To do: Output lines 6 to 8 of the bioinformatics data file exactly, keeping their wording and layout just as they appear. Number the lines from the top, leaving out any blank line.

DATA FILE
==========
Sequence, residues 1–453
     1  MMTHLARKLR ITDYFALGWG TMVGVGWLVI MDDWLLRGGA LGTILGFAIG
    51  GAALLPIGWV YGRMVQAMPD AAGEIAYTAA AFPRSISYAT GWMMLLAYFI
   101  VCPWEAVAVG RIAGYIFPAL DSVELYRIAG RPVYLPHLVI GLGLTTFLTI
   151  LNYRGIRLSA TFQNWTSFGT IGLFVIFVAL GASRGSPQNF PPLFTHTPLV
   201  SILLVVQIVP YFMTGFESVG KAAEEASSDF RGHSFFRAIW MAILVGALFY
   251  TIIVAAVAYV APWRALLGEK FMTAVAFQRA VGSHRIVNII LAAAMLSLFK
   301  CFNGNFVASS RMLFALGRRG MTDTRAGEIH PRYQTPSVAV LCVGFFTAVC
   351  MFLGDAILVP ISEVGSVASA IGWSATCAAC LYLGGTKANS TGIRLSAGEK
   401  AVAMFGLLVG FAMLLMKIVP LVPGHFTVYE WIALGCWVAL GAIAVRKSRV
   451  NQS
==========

   201  SILLVVQIVP YFMTGFESVG KAAEEASSDF RGHSFFRAIW MAILVGALFY
   251  TIIVAAVAYV APWRALLGEK FMTAVAFQRA VGSHRIVNII LAAAMLSLFK
   301  CFNGNFVASS RMLFALGRRG MTDTRAGEIH PRYQTPSVAV LCVGFFTAVC